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T-Arch-Child-art - 9/9/98


"Teaching Archery to Children" by Magnus Malleus, O.L.


NOTE: See also the files: arch-shoots-msg, arch-supplies-msg, archery-books-msg,

arrows-msg, bowstrings-msg, bow-making-msg, teaching-msg, Teach-in-SCA-art.





This article was submitted to me by the author for inclusion in this set

of files, called StefanŐs Florilegium.


These files are available on the Internet at:



Copyright to the contents of this file remains with the author.


While the author will likely give permission for this work to be

reprinted in SCA type publications, please check with the author first

or check for any permissions granted at the end of this file.


                               Thank you,

                                    Mark S. Harris

                                    AKA:  Stefan li Rous

                                         stefan at florilegium.org



Teaching Archery to Children

by Magnus Malleus, O.L.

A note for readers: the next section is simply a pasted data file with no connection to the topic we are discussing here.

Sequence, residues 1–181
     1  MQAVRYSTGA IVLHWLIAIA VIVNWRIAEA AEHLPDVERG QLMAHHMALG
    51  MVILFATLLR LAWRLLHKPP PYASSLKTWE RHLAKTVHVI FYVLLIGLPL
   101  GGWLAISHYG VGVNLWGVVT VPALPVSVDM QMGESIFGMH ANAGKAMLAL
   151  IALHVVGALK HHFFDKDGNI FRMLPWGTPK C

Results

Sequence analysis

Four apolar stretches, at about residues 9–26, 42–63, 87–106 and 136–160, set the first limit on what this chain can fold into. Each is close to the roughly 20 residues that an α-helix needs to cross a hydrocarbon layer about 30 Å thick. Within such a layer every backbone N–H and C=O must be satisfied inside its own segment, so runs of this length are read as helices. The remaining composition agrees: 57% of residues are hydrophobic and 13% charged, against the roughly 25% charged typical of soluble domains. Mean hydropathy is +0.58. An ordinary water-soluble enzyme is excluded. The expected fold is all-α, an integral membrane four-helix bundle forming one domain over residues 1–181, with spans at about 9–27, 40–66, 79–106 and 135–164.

So you want to teach children archery. Lets talk safety.


As someone who used to compete in collegiate and tournament

archery in the 60's and early 70's and who was an NAA trained

instructor who taught various summer camps' counselors and

YMCA archery classes I have a little advice.


Children aren't adults, and an archery class is more than one.

Start with a short safety class. Show them how. Some will watch.

Remember the short attention spans. Don't take too long.

Explain the rules, and explain how, but they need to shoot soon.


Explain how you are going to use a whistle When they can shoot

and that it means Stop too. Medievalists can make a wooden one.


Having more than one adult supervising is a very good idea.


Show them how to nock and shelf the arrows. Some will do better

with tabs, some will do better with gloves. Explain how to

sight, what an anchor point is, aiming over the arrow, and

how to stand. Demonstrate. Then help them try it.


Shoot on a whistle, make them ALL put down the bows and WALK to

the target at the same time together. Look for the one you missed.


** DON'T leave extra arrows behind when you go forward. **


Teach them to watch for arrows sticking up in the grass in